Friday, 21 December 2007

Winter Solstice


Tonight brings the Winter Solstice in the Northern Hemisphere .
Solstice means "standing still sun."
Such precision we have about it now! Winter solstice is when...
...because of the earth's tilt, your hemisphere is leaning farthest away from the sun, and therefore:
The daylight is the shortest.
The sun has its lowest arc in the sky.
No one's really sure how long ago humans recognized the winter solstice and began heralding it as a turning point -- the day that marks the return of the sun. One delightful little book written in 1948, 4,000 Years of Christmas, puts its theory right up in the title. The Mesopotamians were first, it claims, with a 12-day festival of renewal, designed to help the god Marduk tame the monsters of chaos for one more year.
It's a charming theory. But who knows how accurate it is? Cultural anthropology has advanced a lot in the last 50 years!
Many, many cultures the world over perform solstice ceremonies. At their root: an ancient fear that the failing light would never return unless humans intervened with anxious vigil or antic celebration.
An utterly astounding array of ancient cultures built their greatest architectures -- tombs, temples, cairns and sacred observatories -- so that they aligned with the solstices and equinoxes. Many of us know that Stonehenge is a perfect marker of both solstices.
Winter solstice was overlaid with Christmas, and the observance of Christmas spread throughout the globe. Along the way, we lost some of the deep connection of our celebrations to a fundamental seasonal, hemispheric event. Many people--of many beliefs--are looking to regain that connection now.
Winter solstice celebrations aren't just an invention of the ancient Europeans. Native Americans had winter solstice rites.
In Iran, there is the observance of Yalda, in which families kept vigil through the night and fires burned brightly to help the sun (and Goodness) battle darkness (thought evil).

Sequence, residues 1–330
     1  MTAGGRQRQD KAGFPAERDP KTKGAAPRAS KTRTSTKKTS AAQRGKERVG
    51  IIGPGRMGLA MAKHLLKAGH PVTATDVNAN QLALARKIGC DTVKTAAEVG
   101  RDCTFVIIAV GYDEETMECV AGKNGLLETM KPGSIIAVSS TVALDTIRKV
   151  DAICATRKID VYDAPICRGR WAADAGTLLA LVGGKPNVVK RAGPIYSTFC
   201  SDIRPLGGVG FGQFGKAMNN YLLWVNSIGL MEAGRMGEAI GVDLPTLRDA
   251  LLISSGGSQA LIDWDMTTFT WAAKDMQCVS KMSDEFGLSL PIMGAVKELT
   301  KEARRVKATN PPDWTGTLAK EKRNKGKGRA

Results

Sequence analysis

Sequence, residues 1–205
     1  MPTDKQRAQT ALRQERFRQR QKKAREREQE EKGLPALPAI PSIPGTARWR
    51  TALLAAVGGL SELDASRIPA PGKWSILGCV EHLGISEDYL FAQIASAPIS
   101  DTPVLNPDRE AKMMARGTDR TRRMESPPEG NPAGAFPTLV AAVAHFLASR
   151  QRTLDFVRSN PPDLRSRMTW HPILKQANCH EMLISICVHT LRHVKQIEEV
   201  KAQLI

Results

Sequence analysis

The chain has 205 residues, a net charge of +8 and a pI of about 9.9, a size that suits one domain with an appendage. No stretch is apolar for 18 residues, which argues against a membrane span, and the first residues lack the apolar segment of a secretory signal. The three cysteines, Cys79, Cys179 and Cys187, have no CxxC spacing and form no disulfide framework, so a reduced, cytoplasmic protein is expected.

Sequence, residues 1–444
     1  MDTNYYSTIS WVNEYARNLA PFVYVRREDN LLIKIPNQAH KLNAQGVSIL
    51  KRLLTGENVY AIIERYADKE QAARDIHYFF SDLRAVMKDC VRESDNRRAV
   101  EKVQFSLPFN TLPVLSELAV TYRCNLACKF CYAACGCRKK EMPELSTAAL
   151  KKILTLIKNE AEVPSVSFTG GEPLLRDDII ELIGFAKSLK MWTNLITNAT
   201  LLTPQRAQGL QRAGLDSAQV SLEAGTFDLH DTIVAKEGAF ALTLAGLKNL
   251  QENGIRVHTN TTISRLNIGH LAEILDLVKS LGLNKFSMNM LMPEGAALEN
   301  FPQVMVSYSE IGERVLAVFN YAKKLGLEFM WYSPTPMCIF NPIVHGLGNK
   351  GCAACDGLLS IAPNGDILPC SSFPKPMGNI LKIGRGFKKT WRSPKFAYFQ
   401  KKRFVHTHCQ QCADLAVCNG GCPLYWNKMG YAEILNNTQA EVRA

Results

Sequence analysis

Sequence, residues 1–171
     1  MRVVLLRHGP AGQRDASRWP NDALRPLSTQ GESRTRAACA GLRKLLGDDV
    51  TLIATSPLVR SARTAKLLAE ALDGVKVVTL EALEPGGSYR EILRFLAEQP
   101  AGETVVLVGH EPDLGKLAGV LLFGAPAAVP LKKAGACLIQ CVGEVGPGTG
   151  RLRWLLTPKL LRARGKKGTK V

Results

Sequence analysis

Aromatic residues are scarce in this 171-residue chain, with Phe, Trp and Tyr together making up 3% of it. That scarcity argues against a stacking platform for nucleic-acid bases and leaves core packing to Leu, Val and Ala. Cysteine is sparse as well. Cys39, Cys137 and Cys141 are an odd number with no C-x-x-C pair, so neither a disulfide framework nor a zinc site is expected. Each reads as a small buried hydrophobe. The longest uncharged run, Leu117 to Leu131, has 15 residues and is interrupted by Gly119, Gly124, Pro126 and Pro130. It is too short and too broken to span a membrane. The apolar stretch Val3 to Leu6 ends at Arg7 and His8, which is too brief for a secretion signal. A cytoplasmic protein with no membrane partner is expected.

Winter solstice celebrations are also part of the cultural heritage of Pakistan and Tibet. And in China, even though the calendar is based on the moon, the day of winter solstice is called Dong Zhi, "The Arrival of Winter." The cold of winter made an excellent excuse for a feast, so that's how the Chinese observed it, with Ju Dong, "doing the winter."
And what of Hanukkah, the Jewish Festival of Lights that occurs around this time every year? Is it related to other celebrations of the season?
The form of this celebration, a Festival of Lights (with candles at the heart of the ritual), makes Hanukkah wonderfully compatible with other celebrations at this time of year. As a symbolic celebration of growing light and as a commemoration of spiritual rebirth, it also seems closely related to other observances.
There is a whole series of medieval English carols on the subject of the rivalry between the holly and the ivy. In many of them, the holly and ivy symbolized male and female, and the songs narrated their often rowdy vying for mastery in the forest or in the house.
And the next time you find yourself in a store, getting annoyed at incessant repetitions of "the Carol of the Bells," consider this: it's a remnant of the pre-Christian winter solstice celebration in the Ukraine. The Ukrainian carol called "Shchedryk" has the same melody as the Carol of the Bells, but different English words. The word "Shchedryk" means the "Generous One". It refers to the god of generosity, the Dazh Boh - the Giver God, which is the sun
In many cultures, customs practiced at Christmas go back to pre-Christian times. Many involve divination--foretelling the future at a magic time: the season turning of solstice.
And in many, many cultures, it's considered bad luck for a fire or a candle to go out on Christmas Day. So keep those candles burning!




4 comments:

  1. this was a long post, but interesting to read (:

    I had no idea about this. Thanks for the information ;)

    ReplyDelete
  2. I take the seasons as they have been coming at me for billions of years in my omnipresent form.

    But in this lifetime in this body I most like summers and sun.

    We have been getting a lot of rain here, but that is okay, water is the one thing that allows life on this planet so that the spirit can be here in human form.

    I'm thankful that this post wasn't about fashion (not that I read it all) because that bothers spirit. Hugs

    ReplyDelete
  3. Hi!

    Thank you for checking out my blog and leaving a comment :]
    I've enjoyed yours as well. At the top you mention English is not your native language, can I ask what is? From reading your posts I would never guess!
    I really like the "Today's Outfit" bits, thats a very cute and creative idea.
    So thanks again! Stop by anytime!

    ReplyDelete

Thank you for visiting my humble blog! I read all your comments (even though I don't reply often) with great care. So keep them coming! Love to everyone :)

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